Social Links Have Helped My Self-Improvement – How Persona is Changing JRPGson June 9, 2017 by Mitch Jay
Persona is more popular than ever with the Persona 5’s recent and well-deserved success, and part of that is due to the game’s in-depth “Social Link” & “Confidant” systems. Both work together to help the series stand out in a market where JRPGs are no longer hard to come by, in ways that might blow you away with how impactful they are.
“Confidants” are Persona 5‘s evolution of the social links, the mechanic introduced in Persona 3 that has since become one of the series’ most defining aspects. Most fans will still probably call them social links in Persona 5, anyway. So for the purposes of talking about the system collectively, I’ll just call them “social links” too. Social Links not only strength yourself and your team mates for battle but they allow you to spend time and learn about the lives of others. It’s a brilliant social aspect that encourages a deep, emotive narrative.
While these systems serve to develop your relationships with team members and various other NPCs, which it does so marvellously, there is one other effect that it has which may or may not have been intended — it makes you feel damn good about yourself. While I won’t mistake these fictional characters for real people, their stories and struggles feel real, and Atlus have written them in such a way that it’s easy to call them your friends. You fall in love with their personalities, their flaws, and you want to help them — even though they’re mostly something that you could miss completely.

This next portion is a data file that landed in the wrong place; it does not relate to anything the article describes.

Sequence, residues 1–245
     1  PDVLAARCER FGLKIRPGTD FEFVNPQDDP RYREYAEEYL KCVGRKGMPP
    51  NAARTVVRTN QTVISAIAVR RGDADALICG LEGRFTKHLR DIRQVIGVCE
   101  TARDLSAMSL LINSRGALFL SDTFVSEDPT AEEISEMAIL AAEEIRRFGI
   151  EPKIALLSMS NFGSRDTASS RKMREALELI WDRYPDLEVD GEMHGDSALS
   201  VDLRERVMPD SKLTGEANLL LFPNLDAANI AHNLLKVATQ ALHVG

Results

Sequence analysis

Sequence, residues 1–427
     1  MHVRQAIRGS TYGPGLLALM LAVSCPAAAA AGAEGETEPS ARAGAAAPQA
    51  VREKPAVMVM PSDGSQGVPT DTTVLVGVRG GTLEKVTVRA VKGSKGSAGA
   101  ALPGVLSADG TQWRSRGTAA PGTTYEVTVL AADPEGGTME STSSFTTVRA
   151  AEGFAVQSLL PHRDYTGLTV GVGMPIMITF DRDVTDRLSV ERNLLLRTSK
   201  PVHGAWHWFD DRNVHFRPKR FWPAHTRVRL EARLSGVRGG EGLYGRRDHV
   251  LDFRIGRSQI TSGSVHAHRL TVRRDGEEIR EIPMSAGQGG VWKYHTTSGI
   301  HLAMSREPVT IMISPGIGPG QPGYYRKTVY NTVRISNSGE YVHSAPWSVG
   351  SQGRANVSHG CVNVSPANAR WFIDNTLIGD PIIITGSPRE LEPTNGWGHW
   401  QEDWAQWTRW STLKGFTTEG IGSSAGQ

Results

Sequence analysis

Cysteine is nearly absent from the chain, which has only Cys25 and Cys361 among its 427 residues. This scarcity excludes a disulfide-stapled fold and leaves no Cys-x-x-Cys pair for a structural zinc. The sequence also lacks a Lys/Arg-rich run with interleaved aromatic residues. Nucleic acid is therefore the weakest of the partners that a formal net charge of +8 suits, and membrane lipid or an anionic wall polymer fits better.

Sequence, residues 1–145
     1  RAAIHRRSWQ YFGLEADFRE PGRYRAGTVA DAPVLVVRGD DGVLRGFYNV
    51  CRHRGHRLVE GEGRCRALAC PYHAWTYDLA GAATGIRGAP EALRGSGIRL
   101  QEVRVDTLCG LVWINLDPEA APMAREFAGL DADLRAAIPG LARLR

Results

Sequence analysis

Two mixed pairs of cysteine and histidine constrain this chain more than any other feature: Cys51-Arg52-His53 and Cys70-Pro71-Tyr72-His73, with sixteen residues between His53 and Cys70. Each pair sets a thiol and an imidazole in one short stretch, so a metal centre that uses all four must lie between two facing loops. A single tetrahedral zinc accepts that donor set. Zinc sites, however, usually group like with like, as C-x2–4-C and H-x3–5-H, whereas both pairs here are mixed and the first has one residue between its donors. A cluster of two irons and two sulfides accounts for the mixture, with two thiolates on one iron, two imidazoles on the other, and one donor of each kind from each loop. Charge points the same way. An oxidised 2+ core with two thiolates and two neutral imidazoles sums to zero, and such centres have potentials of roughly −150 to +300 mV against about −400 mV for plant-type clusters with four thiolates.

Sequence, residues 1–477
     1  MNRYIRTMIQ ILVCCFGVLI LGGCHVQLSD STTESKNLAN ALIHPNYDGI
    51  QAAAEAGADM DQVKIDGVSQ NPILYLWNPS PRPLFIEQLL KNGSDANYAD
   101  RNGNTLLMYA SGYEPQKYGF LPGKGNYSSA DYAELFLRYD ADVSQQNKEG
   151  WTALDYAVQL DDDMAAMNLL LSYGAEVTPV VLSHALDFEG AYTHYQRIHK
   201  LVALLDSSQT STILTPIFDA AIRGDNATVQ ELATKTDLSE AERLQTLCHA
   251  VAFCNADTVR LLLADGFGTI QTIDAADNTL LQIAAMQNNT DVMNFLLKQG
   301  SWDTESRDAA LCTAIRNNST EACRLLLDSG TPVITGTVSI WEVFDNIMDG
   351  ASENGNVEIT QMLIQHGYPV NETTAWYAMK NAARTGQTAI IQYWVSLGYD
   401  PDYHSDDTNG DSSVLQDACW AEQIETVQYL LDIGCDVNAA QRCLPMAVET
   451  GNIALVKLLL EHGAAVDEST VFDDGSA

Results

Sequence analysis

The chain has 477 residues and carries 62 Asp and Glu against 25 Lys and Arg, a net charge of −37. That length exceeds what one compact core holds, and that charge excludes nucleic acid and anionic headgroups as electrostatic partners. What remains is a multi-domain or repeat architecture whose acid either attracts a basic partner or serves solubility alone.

Other games have attempted to do something similar to social links such as Trails of Cold Steel, Conception II, Lost Dimension, but they’ve not met the lofty heights that Atlus have set. In-depth and engaging, Persona manages to fully invest me into each character’s personal story — JRPGs in general are known for their branching, ambitious stories, but this one aspect of Persona, one that isn’t forced upon you, is what helps it to stand out amongst a sea of JRPGs.
A lot of the fun of the Persona series is the social aspect — things like attending class, hanging out with friends, working, and it’s crazy to think of how engaging these things are when they only take place in a game. I still think fondly of the times I spent with my digital pals, and it’s helped me to better appreciate my own personal relationships in real life as well as be more thoughtful. Persona has helped me, and I’m sure it’s helped many of you too, come to term with their own flaws and has encouraged you to be yourself, and to be happy with you who you are.
The Persona series has grown exponentially in recent years with the fourth game’s arrival on Vita being the must-own game on the system, and since then has boasted many spin-offs which have brought the Persona 3 and 4 casts together. A huge part of this is thanks to social links, where Atlus encourages you to learn and care about a large group of people in ways that not many other games manage. You’re not forced to socialise, but you’re missing out on half of the fun by not doing so, and it’s easily one of best aspects I’ve seen implemented in a JRPG. Well, across gaming in general.
It’s hard to put into words the impact that Persona has had on me, and how much of that is down to the life lessons that it teaches. While all are fictional, I’m of the mind that there’s some truth in each social link that must have been inspired by the team’s personal experiences. They’re certainly not outlandish by any means — human, emotional and brimming with heart, Persona’s Social Links and Confidants manage to not only stand out in the JRPG genre, but in gaming in its entirety. The level of detail is incredible and getting to know your party members has rarely been handled so well, making these social aspects a real treasure.
When I get engrossed into a Persona game and that’s all I end up playing for weeks on end, it isn’t the fantastic gameplay that pushes me forward, but the narrative and characters. I don’t want to leave them to struggle on their own, and I don’t want to see them hung up on their flaws and past. I might play a much more perfect character than myself in-game, but the Persona series has been vital in my road to self-improvement in so many ways. I couldn’t be more grateful for Persona.